A suburban drama built to leap from page to screen.


Possibilities and parallel lives collide in this debut novel about frustrated marriages, hidden desires, and environmental disaster.

When an emergency room pager disrupts Ginny, an ambitious surgeon, from her nighttime routine, she's surprised to look over and suddenly see her colleague Edith lying in bed—instead of her husband, Mark. "Ginny smells warm skin and damp sheets; she hears her own quickened breath....The woman reaches out, as if to stroke Ginny's hair. Then, in an instant, she's gone." Startled by this vision, Ginny seeks medical answers even as she pursues the desire it revealed. Meanwhile, Mark, an environmental scientist, struggles to gain the respect of his colleagues, who dismiss his obsessive research "on the connection between geothermal activity and animal behavior." (Perhaps it's because he gives his research project an unfortunate acronym: DAMN.) Compelled by an impending sense of doom he can't explain, Mark dives into the "prepper" communities of the Pacific Northwest and begins to build a backyard survival shelter for his family. Woven through the story of Ginny and Mark's crumbling marriage are the lives of their two neighbors, Samara, a young real estate agent still reeling from her mother's untimely death, and Cass, a young mother struggling to regain her footing as a philosophy Ph.D. after the birth of her daughter. Broken Mountain, a dormant volcano that "rises...misty green" above the town of Clearing, Oregon, looms over them all—giving off tremors that bring on visions of alternate realities. Day's first novel recalls the philosophical headiness of a TV show like Lost and remixes this sensibility with the chronological playfulness of Cloud Atlas or Atonement. But, until the story really takes off, the emotional stakes of the novel are low—and the prose feels flat and inert, almost like stage directions. There are more affecting moments in the second half of the book, like Samara's attempt to buy back her mother's effects from Goodwill: "The mound of miscellaneous things has grown almost as tall as she is. It looks heavy and dark and sad. You don't really want all that stuff, her mother's voice says. It was mine, and I didn't even want it." With all the atmospheric mist crowding out its emotional center, this book's heart is difficult to locate—but the occasional glimpses show promise.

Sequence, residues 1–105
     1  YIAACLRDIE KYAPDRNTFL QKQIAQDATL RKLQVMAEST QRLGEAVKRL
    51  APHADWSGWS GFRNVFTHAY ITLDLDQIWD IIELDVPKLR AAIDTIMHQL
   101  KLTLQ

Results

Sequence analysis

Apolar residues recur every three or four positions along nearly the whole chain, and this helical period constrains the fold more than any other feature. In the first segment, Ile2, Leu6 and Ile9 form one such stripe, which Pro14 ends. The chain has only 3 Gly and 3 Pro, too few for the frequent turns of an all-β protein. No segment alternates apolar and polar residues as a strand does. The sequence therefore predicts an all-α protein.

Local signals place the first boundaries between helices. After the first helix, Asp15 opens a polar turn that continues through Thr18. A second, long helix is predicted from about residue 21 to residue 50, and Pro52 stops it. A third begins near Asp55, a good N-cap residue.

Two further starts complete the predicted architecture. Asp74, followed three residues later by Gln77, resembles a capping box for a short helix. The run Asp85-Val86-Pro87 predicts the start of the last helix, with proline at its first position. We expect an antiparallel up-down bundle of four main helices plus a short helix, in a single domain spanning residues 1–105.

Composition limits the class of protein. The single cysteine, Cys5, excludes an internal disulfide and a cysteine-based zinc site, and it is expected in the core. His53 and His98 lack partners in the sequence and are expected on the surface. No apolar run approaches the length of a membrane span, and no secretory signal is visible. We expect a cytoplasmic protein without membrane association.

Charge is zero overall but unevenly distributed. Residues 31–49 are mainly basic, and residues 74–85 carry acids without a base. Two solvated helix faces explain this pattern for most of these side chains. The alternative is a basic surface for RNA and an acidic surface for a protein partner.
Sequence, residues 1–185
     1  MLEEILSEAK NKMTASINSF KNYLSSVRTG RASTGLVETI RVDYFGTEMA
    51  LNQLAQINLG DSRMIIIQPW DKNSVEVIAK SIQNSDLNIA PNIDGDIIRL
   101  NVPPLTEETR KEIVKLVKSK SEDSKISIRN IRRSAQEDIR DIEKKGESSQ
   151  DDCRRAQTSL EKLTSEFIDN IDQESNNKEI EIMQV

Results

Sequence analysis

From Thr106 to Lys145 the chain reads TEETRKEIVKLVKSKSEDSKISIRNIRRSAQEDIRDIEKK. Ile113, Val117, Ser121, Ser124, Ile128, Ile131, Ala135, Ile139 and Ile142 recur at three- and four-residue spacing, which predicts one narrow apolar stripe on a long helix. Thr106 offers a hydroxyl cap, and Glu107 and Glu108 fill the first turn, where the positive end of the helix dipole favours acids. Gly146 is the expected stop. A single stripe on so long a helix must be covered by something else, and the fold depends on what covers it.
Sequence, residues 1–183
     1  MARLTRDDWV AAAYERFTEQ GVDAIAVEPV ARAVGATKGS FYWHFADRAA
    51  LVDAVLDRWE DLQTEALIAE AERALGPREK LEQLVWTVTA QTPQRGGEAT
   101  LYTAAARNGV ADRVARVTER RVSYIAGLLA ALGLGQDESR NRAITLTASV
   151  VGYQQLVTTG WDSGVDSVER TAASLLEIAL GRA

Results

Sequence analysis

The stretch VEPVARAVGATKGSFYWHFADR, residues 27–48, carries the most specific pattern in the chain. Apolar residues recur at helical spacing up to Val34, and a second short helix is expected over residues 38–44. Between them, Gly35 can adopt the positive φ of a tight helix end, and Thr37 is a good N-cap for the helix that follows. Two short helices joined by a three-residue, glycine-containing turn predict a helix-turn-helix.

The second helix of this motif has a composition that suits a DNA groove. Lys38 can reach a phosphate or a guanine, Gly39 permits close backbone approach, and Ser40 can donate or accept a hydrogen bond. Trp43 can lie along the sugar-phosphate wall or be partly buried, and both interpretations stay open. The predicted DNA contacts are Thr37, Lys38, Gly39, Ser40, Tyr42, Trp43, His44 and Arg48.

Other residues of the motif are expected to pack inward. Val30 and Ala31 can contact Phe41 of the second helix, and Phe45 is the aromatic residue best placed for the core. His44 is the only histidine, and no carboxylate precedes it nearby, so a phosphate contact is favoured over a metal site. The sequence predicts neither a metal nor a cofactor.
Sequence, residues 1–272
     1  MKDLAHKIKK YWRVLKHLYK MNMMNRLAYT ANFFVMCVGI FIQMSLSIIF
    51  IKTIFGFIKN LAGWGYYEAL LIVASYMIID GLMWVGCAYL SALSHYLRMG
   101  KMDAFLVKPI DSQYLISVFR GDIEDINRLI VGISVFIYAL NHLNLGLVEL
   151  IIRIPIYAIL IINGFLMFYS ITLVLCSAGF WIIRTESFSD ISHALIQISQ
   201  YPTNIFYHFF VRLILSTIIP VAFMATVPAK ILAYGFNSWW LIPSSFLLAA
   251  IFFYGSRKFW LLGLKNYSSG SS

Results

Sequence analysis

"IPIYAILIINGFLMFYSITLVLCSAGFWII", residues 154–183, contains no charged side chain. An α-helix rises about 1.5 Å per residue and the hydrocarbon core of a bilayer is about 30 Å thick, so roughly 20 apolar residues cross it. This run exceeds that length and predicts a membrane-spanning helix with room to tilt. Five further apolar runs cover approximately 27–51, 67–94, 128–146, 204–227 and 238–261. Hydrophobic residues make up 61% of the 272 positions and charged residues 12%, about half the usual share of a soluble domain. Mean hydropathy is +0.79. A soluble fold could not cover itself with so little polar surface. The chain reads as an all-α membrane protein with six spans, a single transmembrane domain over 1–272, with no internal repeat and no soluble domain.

A suburban drama built to leap from page to screen.

Pub Date: March 12, 2019

ISBN: 978-0-525-51122-9

Page Count: 272

Publisher: Random House

Review Posted Online: Dec. 11, 2018

Kirkus Reviews Issue: Jan. 1, 2019

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A tasty, if not always tasteful, tale of supernatural mayhem that fans of King and Crichton alike will enjoy.

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Are we not men? We are—well, ask Bigfoot, as Brooks does in this delightful yarn, following on his bestseller World War Z (2006).